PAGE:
;



Historians at South Carolina museum expand its telling of area’s African American history

Historians in the News
tags: museums, slavery, Black History



While slaves accounted for most of the Berkeley County’s population during the antebellum period, black history has been largely overshadowed by the experiences of white residents in the county’s main museum.

But that’s beginning to change.

In 1790, the area that’s now Berkeley County had about 103,000 slaves compared to 30,000 whites, according to the Berkeley County Museum and Heritage Center. By 1820, blacks comprised a 2-1 majority, a ratio that continued throughout the period.

While the enslaved had a direct result on the wealth accumulated throughout the South, their story simply has not been shared enough in local museums and history books, said Mike Coker, outgoing executive director of the museum.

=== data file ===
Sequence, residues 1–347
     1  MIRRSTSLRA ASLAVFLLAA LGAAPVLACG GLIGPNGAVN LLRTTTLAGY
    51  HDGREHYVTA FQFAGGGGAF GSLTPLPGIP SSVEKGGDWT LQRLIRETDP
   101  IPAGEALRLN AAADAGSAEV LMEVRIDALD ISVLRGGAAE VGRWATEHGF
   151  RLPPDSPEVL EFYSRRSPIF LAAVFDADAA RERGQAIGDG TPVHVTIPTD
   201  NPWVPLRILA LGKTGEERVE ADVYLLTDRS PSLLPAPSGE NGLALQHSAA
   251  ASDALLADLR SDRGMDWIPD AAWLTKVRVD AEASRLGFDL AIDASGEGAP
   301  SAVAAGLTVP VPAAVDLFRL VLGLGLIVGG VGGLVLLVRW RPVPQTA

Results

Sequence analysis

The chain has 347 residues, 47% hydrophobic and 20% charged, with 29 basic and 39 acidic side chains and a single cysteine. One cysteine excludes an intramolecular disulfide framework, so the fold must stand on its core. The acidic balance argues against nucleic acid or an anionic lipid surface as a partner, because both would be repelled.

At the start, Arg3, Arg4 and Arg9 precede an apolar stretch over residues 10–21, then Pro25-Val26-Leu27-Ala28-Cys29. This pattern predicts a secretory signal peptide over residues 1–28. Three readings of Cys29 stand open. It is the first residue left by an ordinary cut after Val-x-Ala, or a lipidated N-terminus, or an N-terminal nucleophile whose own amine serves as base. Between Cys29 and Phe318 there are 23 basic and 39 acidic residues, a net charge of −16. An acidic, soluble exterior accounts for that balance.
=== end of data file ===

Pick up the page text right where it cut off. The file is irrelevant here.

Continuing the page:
Current museum exhibits focus on Gen. Francis Marion’s efforts during the American Revolution and the area’s early planters. An eight-foot monument with the names of 263 deceased Confederate soldiers and a replica of a Confederate torpedo boat greet guests outside.

While the center features some displays on blacks who, under forced labor and extreme hardship, created an economy for white plantation owners, the museum aims to expand its telling of local African Americans.

“We’re hoping to tell a clearer story of that here at the museum,” Coker said.

Using county accommodations tax funds, the museum contracted with historian Dr. Edwin Breeden to research on the area’s African American residents. The work will also provide labels for existing and new artifacts and interpretive panels at the museum, highlighting African-Americans’ historical significance. 

Some include a wooden post used as a 1862 grave marker for Lucia, a female slave who worked the 600-acre Hyde Park Plantation, and slave shackles used either as punishment or to prevent slaves from running away or attacking their owners.

The museum also will soon receive a colonial era painting of Elias Ball II, a wealthy plantation owner. Coker said this will give the museum an opportunity to tell the story of one of Ball’s slaves, a 10-year-old named Priscilla who was taken from Sierra Leone and worked at a plantation at Comingtee in Berkeley County.

Read entire article at The Post and Courier

comments powered by Disqus